The California International Marathon calls itself the Fastest Course in the West. It is run from Folsom (366 Ft. Elevation) to the state capital in downtown Sacramento (26 Ft. Elevation). This was the 24th running of this race and it certainly reflects that experience- every aspect of the race was extremely well organized. The weather in this part of the state is perfect for running in early December- mid-30s at the start and 50s by late morning, with no wind and lots of sunshine. There are rolling hills early on with more down than up, and basically flat through the streets of downtown near the end. The community really embraces this race and the crowds were amazing. Despite all these qualities, there are less than 5,000 runners (the only companion race is a 2.62 mile fun run). That made everything run even more smoothly.
My background: This was my third marathon. I ran the Nike Women’s Marathon last October, after running for less than a year and finished in 3:55:10. I trained harder for the Avenue of the Giants marathon this past May, and finished in 3:45:14. I learned a lot from both races, and was really happy with the results, but I suffered in the final miles both times and had a pretty significant fade in my pace. I knew I could do better if I could just hold it together in the late miles.
My training: This time I felt I was ready for the next level of training, so I used Pfitzinger’s 12/55 schedule. I was seriously intimidated by the mileage, but I ended up not only getting in the miles, but really enjoying the variety and challenge of the schedule. The tempo runs were tough, but got easier. The speed workouts about killed me at first, but I got faster. The long runs (and mid-week medium long runs) were always a joy. I never felt burnt out and my confidence grew. I ran a Thanksgiving Day 5k 10 days out from the race, and smashed my previous best, finishing in 22:07 (and getting 3rd in my AG!). I felt amazing throughout the taper, and my outlook was very positive.
My goal and strategy: My goal was BQ: 3:40. I knew I was trained for it, but I was nervous. I decided to run with the Clif Bar Pace Group, as they have a really strong reputation at this event. I even went to the little seminar at the expo and met the guy. Mike Hernandez has run like 9000 marathons and ultra marathons. He’s done Western States 8 times. I was beyond impressed. He was also really nice and seemed to really want to help us finish. My food/hydration plan was to bring my Clif Shot Blocks and carry my own water bottles -one in fuel belt and one in hand, hoped to see husband for replacement hand-bottle mid-race.
Race Morning: I got up and had half an English muffin, and half a banana, my stomach too nervous to eat the whole thing. I bundled up and my husband dropped me off downtown at the shuttle bus area. I met a nice lady in line and sat with her, and we chatted the whole way and hung out together before the start. That was really nice! I ate half a Luna Bar (again with the half!).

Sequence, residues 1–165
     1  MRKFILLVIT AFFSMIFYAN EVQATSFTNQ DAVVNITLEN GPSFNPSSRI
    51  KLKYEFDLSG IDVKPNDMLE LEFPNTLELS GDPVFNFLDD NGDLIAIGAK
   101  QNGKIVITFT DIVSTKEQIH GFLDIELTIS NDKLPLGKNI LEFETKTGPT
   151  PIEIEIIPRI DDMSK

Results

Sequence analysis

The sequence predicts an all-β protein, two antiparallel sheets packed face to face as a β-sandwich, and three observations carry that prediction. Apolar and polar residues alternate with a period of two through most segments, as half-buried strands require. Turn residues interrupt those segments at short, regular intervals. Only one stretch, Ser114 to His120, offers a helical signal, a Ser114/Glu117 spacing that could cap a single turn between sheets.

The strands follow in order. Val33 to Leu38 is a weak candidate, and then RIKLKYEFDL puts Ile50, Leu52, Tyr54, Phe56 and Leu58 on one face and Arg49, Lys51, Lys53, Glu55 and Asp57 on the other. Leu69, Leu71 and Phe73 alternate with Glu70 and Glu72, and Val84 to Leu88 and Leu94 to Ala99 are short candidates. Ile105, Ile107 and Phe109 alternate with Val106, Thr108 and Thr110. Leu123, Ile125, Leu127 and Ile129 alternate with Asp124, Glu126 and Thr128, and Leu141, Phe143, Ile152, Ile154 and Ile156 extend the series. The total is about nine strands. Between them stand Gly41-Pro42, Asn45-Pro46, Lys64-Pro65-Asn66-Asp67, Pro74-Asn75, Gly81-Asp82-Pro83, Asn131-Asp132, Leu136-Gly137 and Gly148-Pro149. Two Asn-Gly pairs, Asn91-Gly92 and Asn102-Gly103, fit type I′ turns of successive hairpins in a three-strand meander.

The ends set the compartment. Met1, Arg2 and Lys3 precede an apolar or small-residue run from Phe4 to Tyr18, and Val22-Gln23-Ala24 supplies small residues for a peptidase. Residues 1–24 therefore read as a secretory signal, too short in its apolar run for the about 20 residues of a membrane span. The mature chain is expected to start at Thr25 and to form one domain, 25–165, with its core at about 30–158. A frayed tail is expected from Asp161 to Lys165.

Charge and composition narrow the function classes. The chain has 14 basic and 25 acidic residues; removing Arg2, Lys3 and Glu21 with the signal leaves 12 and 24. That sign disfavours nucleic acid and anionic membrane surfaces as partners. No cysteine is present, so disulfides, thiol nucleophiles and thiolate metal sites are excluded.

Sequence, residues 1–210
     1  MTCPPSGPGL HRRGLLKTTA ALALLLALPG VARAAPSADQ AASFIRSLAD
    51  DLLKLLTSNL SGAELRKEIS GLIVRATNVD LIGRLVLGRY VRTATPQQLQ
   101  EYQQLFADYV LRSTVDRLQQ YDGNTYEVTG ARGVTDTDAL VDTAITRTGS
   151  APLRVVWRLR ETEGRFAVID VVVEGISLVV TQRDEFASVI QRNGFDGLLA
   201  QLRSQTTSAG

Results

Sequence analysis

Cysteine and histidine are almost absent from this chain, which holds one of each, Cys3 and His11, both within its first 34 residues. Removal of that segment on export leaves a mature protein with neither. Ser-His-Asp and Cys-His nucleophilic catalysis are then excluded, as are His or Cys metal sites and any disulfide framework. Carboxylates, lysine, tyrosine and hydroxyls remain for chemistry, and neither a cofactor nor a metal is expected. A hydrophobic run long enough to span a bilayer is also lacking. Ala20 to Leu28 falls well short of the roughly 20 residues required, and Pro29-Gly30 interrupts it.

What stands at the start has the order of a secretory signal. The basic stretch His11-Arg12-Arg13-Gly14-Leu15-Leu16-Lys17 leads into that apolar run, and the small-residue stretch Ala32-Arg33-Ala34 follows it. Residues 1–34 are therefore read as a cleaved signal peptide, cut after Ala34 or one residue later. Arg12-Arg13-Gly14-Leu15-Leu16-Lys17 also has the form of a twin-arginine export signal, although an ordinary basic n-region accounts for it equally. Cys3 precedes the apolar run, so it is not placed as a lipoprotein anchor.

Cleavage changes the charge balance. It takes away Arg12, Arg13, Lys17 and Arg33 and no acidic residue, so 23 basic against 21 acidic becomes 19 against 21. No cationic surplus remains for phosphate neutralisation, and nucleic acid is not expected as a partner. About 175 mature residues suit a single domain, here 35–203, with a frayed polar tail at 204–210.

I hit up the porta potty twice, and the second time the line was so long I had to rush to the start (dropping my sweats bag along the way). Luckily this race is small enough that it wasn’t a giant problem.
The Start: I got a close as I could to my 3:40 dude, but I was a good 20 feet back. This seemed close enough, but when the race started and the people spread out, I found myself more like 100+ feet back. Gah! I was not letting him get away.
I spent the first mile catching up with the group. I knew this meant running too fast (I must have crossed the starting mat a good 30 seconds after them), but I needed to be with them. I got pretty close and settled in. The group was also running a little fast in the first few miles, so I didn’t gain on them as quickly as I wanted. But I did catch up by about the 2 mile mark. After that, I calmed down a little, and the pace felt easy. At this point we were in a pretty rural area and it was COLD. The course was mostly downhill at first, then we started hitting little uphills. The uphills were never bad, just a few blocks long, and always followed by a longer downhill. Pretty gentle though. I wore my long sleeve shirt up until about mile 5 or 6 and was drinking on my water bottle.
Mile 1: 8:00 (average)
Mile 2: 8:00 (average)
Mile 3: 8:05
Mile 4: 8:19
Mile 5: 8:17
We were a good minute+ ahead of pace at this point, but I wasn’t worried. I felt very comfortable. I tied my long sleeve shirt around my waist and was good in my tank top. We were in more of a residential area at this point, and a few people had come out to cheer us on. There are more rolling hills, and the pacer is keeping us together and involved (“how are we feeling?” “stay relaxed!” etc). We slowed down just a little. Pretty uneventful, until just past mile 9. That’s when I ate it. I ATE IT. I tripped over one of those raised yellow reflector deals in the middle of the road and skidded hard. Ugh. I got up right away and started running again, amid lots of “are you okay?”s. I was fine. I wasn’t even really embarrassed, just a little shaken up. Someone ahead retrieved my water bottle, which catapulted when I hit the ground, so I moved ahead to get it back. I was still with the group, feeling ok. Whew. I look down and I’ve got a healthy streak of blood going down my lower leg. My hands hurt too and one is bleeding. I knew I was ok though, so I just let it go. I saw my husband at the 10 mile mark, and he didn’t even notice! Haha. I still had some water in my bottle (although it kind of hurt to open it, due to my injured hands), so I didn’t take a new one from him.